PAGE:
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Teachers Hard Hit By San Diego’s Cost Of Housing

Jada Gill, 10, raises her hand to ask fifth-grade teacher Cindy Lieu a questi...

Above: Jada Gill, 10, raises her hand to ask fifth-grade teacher Cindy Lieu a question, Sept. 21, 2016.

A new study by Apartment List shows teachers in San Diego are facing financial hardship because their salaries have not kept up with the rising cost of housing.

The study reveals that 29% of teachers in the San Diego metro area are burdened with the cost of housing. They have a median income of almost 20 percent less than someone with a comparable degree working full-time.

“The difficulty of getting by on a teachers salary really makes it a less desirable profession," said Christopher Salviati, housing economist with Apartment List. "And so we are really forcing folks who want to get into the teaching profession to make that sacrifice that might face difficulties financially.”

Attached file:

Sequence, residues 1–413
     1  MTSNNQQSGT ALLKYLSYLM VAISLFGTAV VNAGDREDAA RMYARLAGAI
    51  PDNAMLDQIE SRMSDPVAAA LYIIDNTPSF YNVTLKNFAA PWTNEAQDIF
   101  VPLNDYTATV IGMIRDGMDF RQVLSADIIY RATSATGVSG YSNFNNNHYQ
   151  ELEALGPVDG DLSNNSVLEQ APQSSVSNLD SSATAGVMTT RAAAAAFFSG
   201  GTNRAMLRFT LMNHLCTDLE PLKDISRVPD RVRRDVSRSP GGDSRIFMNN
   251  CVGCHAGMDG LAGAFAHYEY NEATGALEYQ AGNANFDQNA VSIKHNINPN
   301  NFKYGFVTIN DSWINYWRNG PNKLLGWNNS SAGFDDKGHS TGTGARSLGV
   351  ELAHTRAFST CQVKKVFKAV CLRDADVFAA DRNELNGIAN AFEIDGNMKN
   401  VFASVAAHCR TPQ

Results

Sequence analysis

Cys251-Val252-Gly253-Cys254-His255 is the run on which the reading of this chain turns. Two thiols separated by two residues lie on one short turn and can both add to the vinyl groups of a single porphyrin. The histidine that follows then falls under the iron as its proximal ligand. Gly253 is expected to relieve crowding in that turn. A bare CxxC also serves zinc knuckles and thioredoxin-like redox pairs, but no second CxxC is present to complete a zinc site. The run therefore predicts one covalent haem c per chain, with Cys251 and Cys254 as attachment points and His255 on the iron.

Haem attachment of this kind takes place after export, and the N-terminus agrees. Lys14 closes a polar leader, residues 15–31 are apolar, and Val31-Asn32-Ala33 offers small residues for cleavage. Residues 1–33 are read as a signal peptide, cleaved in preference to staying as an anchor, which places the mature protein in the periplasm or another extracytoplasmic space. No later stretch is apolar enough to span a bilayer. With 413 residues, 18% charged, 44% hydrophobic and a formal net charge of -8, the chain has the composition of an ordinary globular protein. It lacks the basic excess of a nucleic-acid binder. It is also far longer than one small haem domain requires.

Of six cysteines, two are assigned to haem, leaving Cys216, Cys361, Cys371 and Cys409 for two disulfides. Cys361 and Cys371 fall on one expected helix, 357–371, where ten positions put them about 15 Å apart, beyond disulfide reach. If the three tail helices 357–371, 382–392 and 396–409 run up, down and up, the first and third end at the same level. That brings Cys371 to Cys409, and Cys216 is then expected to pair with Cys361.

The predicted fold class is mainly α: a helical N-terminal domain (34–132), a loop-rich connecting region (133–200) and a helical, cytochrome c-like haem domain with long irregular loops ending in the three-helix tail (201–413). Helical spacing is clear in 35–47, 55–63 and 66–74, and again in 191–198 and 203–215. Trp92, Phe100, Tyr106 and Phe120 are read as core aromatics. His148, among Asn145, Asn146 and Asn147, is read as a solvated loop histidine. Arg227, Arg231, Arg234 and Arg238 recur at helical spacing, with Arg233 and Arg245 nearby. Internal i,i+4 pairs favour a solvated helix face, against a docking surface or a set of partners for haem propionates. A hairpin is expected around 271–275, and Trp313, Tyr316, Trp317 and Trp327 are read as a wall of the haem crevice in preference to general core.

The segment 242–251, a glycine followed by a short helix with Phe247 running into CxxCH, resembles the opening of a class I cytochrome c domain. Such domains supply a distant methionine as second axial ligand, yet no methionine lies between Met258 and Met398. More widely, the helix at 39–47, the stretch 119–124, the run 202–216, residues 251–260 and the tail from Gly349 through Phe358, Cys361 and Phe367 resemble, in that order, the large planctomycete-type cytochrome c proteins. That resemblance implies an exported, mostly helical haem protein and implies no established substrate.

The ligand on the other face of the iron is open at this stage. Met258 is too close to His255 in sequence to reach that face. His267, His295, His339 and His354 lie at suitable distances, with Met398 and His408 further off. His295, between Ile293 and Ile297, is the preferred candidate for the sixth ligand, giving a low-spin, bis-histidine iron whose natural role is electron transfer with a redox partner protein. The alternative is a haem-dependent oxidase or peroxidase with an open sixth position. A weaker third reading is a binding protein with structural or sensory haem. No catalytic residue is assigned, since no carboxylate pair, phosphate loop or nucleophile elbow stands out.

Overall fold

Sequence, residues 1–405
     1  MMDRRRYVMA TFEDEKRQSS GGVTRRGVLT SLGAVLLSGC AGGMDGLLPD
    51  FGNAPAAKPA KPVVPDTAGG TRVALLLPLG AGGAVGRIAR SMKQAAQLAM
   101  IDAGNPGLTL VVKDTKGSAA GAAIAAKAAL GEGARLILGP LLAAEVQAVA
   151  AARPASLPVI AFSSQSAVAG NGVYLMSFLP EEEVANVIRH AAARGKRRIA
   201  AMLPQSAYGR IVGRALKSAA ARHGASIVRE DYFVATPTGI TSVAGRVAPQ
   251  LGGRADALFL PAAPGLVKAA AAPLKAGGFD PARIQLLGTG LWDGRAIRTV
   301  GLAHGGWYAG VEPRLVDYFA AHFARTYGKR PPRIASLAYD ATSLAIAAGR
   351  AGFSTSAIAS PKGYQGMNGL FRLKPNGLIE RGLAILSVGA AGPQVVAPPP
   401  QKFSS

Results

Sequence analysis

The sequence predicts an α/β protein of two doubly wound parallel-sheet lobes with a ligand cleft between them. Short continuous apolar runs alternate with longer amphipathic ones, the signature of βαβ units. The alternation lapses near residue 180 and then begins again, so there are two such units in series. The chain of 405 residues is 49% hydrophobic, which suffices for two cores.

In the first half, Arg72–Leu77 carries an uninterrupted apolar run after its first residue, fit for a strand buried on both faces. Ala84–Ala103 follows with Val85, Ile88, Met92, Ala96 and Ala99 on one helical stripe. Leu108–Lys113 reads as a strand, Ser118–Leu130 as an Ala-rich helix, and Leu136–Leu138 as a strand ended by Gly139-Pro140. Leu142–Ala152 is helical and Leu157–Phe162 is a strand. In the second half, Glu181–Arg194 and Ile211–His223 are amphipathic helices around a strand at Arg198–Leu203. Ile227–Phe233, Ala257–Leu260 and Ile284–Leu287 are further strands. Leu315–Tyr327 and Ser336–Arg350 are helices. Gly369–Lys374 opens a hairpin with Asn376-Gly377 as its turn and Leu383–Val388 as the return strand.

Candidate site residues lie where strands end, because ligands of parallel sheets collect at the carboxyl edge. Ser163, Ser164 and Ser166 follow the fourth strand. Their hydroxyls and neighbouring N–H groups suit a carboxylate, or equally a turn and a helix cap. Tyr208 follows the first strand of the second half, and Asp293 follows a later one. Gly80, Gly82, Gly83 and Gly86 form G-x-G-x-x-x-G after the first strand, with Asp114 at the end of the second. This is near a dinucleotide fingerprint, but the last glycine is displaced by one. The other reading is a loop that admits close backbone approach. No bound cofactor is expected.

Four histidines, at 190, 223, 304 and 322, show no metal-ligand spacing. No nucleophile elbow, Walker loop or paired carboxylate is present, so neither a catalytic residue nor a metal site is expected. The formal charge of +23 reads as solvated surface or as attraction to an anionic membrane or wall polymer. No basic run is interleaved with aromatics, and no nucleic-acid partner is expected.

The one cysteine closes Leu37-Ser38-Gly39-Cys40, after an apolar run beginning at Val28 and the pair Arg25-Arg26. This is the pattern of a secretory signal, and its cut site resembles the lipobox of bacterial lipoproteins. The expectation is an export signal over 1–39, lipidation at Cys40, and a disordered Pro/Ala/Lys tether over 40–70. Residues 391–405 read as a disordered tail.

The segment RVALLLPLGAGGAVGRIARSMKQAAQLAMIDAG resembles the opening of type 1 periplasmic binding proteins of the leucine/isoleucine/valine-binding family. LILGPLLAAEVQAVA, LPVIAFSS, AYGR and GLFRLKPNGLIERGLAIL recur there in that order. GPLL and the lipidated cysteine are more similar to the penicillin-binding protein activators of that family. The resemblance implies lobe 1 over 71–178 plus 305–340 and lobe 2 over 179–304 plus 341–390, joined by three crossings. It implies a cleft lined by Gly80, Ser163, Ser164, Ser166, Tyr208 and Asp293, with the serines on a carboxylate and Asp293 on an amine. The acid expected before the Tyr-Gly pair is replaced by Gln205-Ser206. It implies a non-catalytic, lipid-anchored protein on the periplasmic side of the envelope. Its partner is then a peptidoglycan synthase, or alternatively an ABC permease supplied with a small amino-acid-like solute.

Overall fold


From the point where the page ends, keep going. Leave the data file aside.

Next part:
He said the disproportionate ratio of salary to housing cost has forced many teachers into hard times. Nearly 1 in 3 teachers are spending more on their monthly rent or mortgages than is financially healthy.

“We also find a lot of teachers have been spending more time working during the summers and at second jobs. Longer hours and longer weeks worked are both data points that we found in our analysis,” Salviati said.

The study's data, which compared the housing cost burden of teachers between 1990 and 2017, was based on census information. The study shows Miami has the highest cost burden rate for teachers, followed by San Francisco, Los Angeles, and San Diego.

A new study by ApartmentList.com shows teachers in San Diego are facing financial hardship because their salaries have not kept up with the rising cost of housing.

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